Greece is now crumbling under the weight of “Baksheesh” and had the Americans understood its meaning the movie “Midnight Express” would never have been made.

      in short, all around the world we get as much justice as we can afford.

      dissent used to be the highest form of patriotism, now you would be hard pressed to pry people away from the telly and overstuffed couch.

      thanks so much for posting. you do us a disservice by not having your own blog.

  5. “… self-righteousness, a cultural hegemony, a belief in absolutes where there are none and arrogance. Risk-taking becomes recklessness. The narrow horizon breeds intolerance and ignorance….”

    That seems to be the nut of your critique of America.

    This is very arbitrary, of course, but I do find much of American culture self-righteous and occasionally arrogant and reckless, but NOT (for the most part) intolerant or ignorant.

    When I’m criticizing America, it’s not really for its culture, which is quite vibrant. It’s more for some of its bizarre administrative, bureaucratic, judicial, punitive traditions.

    • You are over-generous referring to my effort as a critique. It was intended to be a provocation but seems to have failed.

    • “American people have…….a sense of self-righteousness, a cultural hegemony, a belief in absolutes where there are none and arrogance. Risk-taking becomes recklessness. The narrow horizon breeds intolerance and ignorance…….”

      This is America, goddammit. Love it or leave it.

    • he, he, he, i am my own dowry (plus son), so who will have me? England, Canada, France… only the lovely lady who takes refuse from other shores.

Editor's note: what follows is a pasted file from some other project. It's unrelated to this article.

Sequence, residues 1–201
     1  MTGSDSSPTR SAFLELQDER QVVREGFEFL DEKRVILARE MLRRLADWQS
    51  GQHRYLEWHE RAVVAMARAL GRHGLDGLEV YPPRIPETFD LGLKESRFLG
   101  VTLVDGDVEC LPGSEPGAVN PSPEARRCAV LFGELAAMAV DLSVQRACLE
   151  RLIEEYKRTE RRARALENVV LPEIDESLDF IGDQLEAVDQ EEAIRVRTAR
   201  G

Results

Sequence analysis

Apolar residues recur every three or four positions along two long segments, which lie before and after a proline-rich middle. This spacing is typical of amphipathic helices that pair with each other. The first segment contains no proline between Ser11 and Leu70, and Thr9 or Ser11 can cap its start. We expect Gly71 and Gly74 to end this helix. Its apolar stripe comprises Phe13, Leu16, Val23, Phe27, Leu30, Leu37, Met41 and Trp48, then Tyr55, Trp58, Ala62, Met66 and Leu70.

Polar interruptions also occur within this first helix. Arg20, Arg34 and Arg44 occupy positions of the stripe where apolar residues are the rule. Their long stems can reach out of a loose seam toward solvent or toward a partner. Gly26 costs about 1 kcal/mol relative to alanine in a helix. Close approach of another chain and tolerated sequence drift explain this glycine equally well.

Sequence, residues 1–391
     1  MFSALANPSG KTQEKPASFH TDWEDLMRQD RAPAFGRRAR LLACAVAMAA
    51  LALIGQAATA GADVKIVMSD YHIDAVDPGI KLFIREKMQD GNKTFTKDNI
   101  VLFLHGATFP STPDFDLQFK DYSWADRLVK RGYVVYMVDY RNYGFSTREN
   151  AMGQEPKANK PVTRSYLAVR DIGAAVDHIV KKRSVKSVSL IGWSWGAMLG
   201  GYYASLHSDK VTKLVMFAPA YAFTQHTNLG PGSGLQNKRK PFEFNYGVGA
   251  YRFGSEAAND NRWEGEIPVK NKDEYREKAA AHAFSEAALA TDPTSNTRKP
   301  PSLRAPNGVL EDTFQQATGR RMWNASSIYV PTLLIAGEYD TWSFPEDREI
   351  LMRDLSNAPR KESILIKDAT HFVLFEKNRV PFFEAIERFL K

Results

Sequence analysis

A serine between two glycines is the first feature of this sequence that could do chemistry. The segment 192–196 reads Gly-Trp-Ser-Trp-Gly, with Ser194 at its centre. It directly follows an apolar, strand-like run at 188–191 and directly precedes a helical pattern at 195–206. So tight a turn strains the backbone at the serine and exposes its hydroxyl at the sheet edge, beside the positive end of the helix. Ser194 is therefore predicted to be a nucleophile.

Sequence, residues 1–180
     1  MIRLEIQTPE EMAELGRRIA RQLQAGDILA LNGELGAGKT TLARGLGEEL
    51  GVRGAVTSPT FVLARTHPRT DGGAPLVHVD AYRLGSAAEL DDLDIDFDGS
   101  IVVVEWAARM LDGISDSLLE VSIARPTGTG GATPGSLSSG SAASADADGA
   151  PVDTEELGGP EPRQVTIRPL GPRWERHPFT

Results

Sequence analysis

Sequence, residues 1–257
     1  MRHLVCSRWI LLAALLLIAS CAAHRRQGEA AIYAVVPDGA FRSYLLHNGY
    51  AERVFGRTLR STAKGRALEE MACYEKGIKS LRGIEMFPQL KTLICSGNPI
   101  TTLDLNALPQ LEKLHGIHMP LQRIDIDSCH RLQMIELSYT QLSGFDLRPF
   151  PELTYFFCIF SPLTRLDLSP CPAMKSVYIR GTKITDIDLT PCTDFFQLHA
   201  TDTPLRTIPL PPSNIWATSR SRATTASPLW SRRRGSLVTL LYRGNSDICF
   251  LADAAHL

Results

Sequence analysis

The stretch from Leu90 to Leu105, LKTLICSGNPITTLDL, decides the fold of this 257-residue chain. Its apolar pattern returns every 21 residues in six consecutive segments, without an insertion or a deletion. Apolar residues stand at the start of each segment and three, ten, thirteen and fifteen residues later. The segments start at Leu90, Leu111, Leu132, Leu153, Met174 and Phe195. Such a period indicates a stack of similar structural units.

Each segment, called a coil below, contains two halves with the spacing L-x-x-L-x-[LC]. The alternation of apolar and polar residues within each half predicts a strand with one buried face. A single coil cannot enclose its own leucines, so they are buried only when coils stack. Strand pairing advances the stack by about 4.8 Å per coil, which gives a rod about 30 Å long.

• Oo – I love America all right, Phil, and regret I am not there. I’m just jealous.

      Perhaps it should conduct its politics across choirstalls instead of in a theatre, Dafna, and start shouting.

      The italics in Phil’s reply look like a description of me.

    • No – I’m too obscure. The UK House of Commons in its present form started off in choir stalls. Other legislatures resemble a stage and auditorium.

      I was only leg-pulling.

    • hi richard,

      actually, you were on point.

      Obama’s last State of the Union address was compared by our media to the way the UK conducts its politics (in tone and atmosphere) i just can’t find the quotes.

      Also the Republican response was not “set” in the hallway this time but from the floor of the House of Delegates at the Virginia State Capitol, a pretty nice stage, eh?

      thankfully, nobody shouted disrespectfully this time.

    • Aha.

      two suggestions there.

      1) the Hannibal Blog should have a Style Guide. Consider it under consideration.

      2) No fake-objectivity quotes. Amen. Have I sinned above? Do blow the whistle.

    • Sinned? Perhaps, but not mortally. 

      Neil Simon sinned by writing a false third act to the Odd Couple, not once, but three times. Despairing, he wandered up Fifth Avenue till he reached Saint Patrick’s Cathedral, which he, a Jew, reluctantly entered. 

      And God spoke to him!    

      “If you have wandered into this cathedral, it’s with good reason.”

      “If this is where you will find peace of mind to do your work, so be it,”

      ” … but don’t make a habit of it.”

      So, if you’ve sinned, the God that oversees writers will surely forgive you — it’s Michael Kinsley I’m not so sure about.

      (Disclaimer: see Rewrites by Neil Simon for the precise details of the above story.)